Caroline in the CitySeptember 21, 1995
Caroline in the City is an American situation comedy that ran on the NBC television network. It stars Lea Thompson as cartoonist Caroline Duffy, who lives in Manhattan in New York City. The series premiered on September 21, 1995 in the "Must See TV" Thursday night block after Seinfeld. The show ran for 97 episodes over four seasons, before it was cancelled; its final episode was broadcast on April 26, 1999.
Too Close for ComfortNovember 11, 1980
Too Close for Comfort is an American television sitcom which ran on the ABC network from November 11, 1980 until May 5, 1983, and in first-run syndication from April 7, 1984 until September 27, 1986. It was modeled after the British series Keep It in the Family, which premiered nine months before Too Close for Comfort debuted in the U.S. Its name was changed to The Ted Knight Show when the show was retooled for its final season.
BobSeptember 18, 1992
Bob is an American television situation comedy which ran on CBS from September 18, 1992 until December 27, 1993. It was the third sitcom starring vehicle for Bob Newhart, and proved to be far less successful than The Bob Newhart Show and Newhart, his previous outings with the network. Bill Steinkellner, Cheri Steinkellner and Phoef Sutton comprised the creative writing team behind the show. The series was produced by Paramount Television. All 33 episodes became available on DVD April 3, 2012.
Keep It in the FamilyJanuary 7, 1980
Keep It in the Family is a British sitcom that aired for five series between 1980 and 1983. It is about a likable and mischievous cartoonist, Dudley Rush. Also featured were Dudley's wife, Muriel and their two daughters, Jacqui and Susan. Dudley's literary agent, Duncan Thomas, was also featured.
It was made by Thames Television for the ITV network.
A remake of Keep It in the Family was produced in the United States under the title Too Close for Comfort, starring Ted Knight.
The Duck FactoryApril 12, 1984
The Duck Factory is a 1984 NBC television series produced by MTM Enterprises that is perhaps most notable for being Jim Carrey's first lead role in a Hollywood production.
The show was co-created by Allan Burns. The premiere episode introduces Skip Tarkenton, a somewhat naive and optimistic young man who has come to Hollywood looking for a job as a cartoonist. When he arrives at a low-budget animation company called Buddy Winkler Productions, he finds out Buddy Winkler has just died, and the company desperately needs new blood. So Skip gets an animation job at the firm, which is nicknamed "The Duck Factory" as their main cartoon is "The Dippy Duck Show".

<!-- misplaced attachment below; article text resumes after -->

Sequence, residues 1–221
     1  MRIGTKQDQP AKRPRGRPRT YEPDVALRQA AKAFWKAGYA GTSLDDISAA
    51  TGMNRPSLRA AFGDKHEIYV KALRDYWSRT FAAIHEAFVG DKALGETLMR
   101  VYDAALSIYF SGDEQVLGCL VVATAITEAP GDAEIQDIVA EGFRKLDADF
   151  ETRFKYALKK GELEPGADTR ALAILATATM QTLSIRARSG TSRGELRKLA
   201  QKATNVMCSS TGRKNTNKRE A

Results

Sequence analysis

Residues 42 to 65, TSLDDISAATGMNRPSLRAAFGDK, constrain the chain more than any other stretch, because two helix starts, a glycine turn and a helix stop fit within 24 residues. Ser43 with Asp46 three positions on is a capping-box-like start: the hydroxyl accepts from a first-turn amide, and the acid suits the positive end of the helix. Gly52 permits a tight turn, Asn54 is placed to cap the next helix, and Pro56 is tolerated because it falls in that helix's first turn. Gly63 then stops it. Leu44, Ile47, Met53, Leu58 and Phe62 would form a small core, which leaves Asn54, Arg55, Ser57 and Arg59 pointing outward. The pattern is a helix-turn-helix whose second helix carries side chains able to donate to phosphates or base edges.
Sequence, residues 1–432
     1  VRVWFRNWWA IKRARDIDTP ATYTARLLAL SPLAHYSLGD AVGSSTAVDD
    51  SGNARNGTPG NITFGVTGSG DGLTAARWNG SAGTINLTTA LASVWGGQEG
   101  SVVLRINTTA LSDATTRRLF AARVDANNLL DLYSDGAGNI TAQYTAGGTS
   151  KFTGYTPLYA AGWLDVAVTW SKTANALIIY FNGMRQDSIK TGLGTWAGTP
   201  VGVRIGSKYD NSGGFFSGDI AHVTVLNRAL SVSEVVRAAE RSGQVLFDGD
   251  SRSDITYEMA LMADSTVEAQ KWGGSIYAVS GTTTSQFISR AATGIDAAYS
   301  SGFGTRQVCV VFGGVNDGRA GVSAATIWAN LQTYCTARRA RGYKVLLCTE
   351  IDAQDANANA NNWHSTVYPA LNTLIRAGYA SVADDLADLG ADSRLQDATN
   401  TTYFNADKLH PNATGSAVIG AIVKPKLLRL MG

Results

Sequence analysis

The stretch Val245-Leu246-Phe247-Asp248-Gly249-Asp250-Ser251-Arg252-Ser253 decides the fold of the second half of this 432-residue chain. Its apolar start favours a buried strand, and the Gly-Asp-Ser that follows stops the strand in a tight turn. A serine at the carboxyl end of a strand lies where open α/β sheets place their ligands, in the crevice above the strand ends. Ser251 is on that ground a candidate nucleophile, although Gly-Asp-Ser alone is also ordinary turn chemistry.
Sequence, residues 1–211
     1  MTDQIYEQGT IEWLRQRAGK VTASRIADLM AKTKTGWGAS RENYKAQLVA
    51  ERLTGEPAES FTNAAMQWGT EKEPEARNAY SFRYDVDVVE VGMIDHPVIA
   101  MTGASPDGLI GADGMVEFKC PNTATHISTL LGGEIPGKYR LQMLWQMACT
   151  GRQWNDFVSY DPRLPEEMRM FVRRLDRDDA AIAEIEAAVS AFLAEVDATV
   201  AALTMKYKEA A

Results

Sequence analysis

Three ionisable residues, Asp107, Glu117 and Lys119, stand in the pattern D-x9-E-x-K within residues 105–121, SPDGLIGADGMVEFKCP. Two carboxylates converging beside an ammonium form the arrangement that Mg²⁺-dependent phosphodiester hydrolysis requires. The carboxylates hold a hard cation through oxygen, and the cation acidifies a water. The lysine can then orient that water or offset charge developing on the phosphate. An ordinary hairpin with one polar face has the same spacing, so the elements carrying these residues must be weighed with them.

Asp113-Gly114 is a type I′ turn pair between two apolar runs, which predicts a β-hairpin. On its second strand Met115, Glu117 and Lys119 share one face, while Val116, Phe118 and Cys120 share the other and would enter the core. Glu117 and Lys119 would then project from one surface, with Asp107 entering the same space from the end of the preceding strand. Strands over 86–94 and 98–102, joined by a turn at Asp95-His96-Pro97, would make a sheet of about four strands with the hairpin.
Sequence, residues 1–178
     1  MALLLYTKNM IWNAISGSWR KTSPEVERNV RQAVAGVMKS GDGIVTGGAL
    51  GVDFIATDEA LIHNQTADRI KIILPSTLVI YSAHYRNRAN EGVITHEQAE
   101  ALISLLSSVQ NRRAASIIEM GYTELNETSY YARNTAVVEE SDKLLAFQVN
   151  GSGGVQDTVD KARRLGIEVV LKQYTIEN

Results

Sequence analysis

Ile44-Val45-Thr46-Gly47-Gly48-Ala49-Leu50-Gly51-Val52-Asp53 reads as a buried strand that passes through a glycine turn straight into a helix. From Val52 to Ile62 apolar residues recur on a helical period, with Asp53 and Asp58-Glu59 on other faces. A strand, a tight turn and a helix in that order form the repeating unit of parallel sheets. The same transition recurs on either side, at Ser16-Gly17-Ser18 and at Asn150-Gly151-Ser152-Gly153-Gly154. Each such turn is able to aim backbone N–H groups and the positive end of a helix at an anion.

Other Duck Factory employees seen regularly on the show were man-of-a-thousand-cartoon voices Wally Wooster; comedy writer Marty Fenneman; artists Brooks Carmichael and Roland Culp, editor Andrea Lewin, and business manager Aggie Aylesworth. Buddy Winkler Productions was now owned by his young, ditzy widow, Mrs Sheree Winkler, who had been married to Buddy for all of three weeks before his death.
The Duck Factory lasted thirteen episodes; it premiered April 12, 1984. The show initially aired at 9:30 on Thursday nights, directly after Cheers, and replaced Buffalo Bill on NBC's schedule. Jay Tarses, an actor on The Duck Factory, had been the co-creator and executive producer of Buffalo Bill, which had its final network telecast on Thursday, April 5, 1984.
My World and Welcome to ItSeptember 15, 1969
My World and Welcome to It is an American half-hour television sitcom based on the humor and cartoons of James Thurber. It starred William Windom as John Monroe, a Thurber-like writer and cartoonist who works for a magazine closely resembling The New Yorker called The Manhattanite. Wry, fanciful and curmudgeonly, Monroe observes and comments on life, to the bemusement of his rather sensible wife Ellen and intelligent, questioning daughter Lydia. Monroe's frequent daydreams and fantasies are usually based on Thurber material. My World — And Welcome To It is the name of a book of illustrated stories and essays, also by James Thurber.
The series ran one season on NBC 1969-1970. It was created by Mel Shavelson, who wrote and directed the pilot episode and was one of the show's principal writers. Sheldon Leonard was executive producer. The show's producer, Danny Arnold, co-wrote or directed numerous episodes, and even appeared as Santa Claus in "Rally Round the Flag."
The Tab Hunter ShowSeptember 18, 1960
The Tab Hunter Show is an American situation comedy starring Tab Hunter. The series ran new episodes on NBC from September 18, 1960, to April 30, 1961; rebroadcasts then aired from May until September 18.
He & SheSeptember 6, 1967
He & She is an American sitcom that aired on the CBS television network as part of its 1967-1968 lineup, originally sponsored by General Foods and Lever Brothers.
He & She is widely considered to be ahead of its time by broadcast historians. Its sophisticated approach to comedy was viewed as opening doors to the groundbreaking MTM family of sitcoms of the 1970s, beginning with The Mary Tyler Moore Show in 1970. The character of Oscar was openly the pattern for the Ted Baxter character, for which creator Leonard Stern granted permission.
CBS aired reruns of He & She in prime time from June 1970 to September 1970.
The People Next DoorSeptember 18, 1989
The People Next Door is an American situation comedy which aired briefly on CBS as part of its Fall 1989 schedule.
Face to FaceJune 9, 1946
Face to Face is an early American television game show running 15 minutes. It began broadcasting on the NBC Television network on June 9, 1946 and ran until January 26, 1947 on Sundays at 8:00 pm EST, immediately before Geographically Speaking.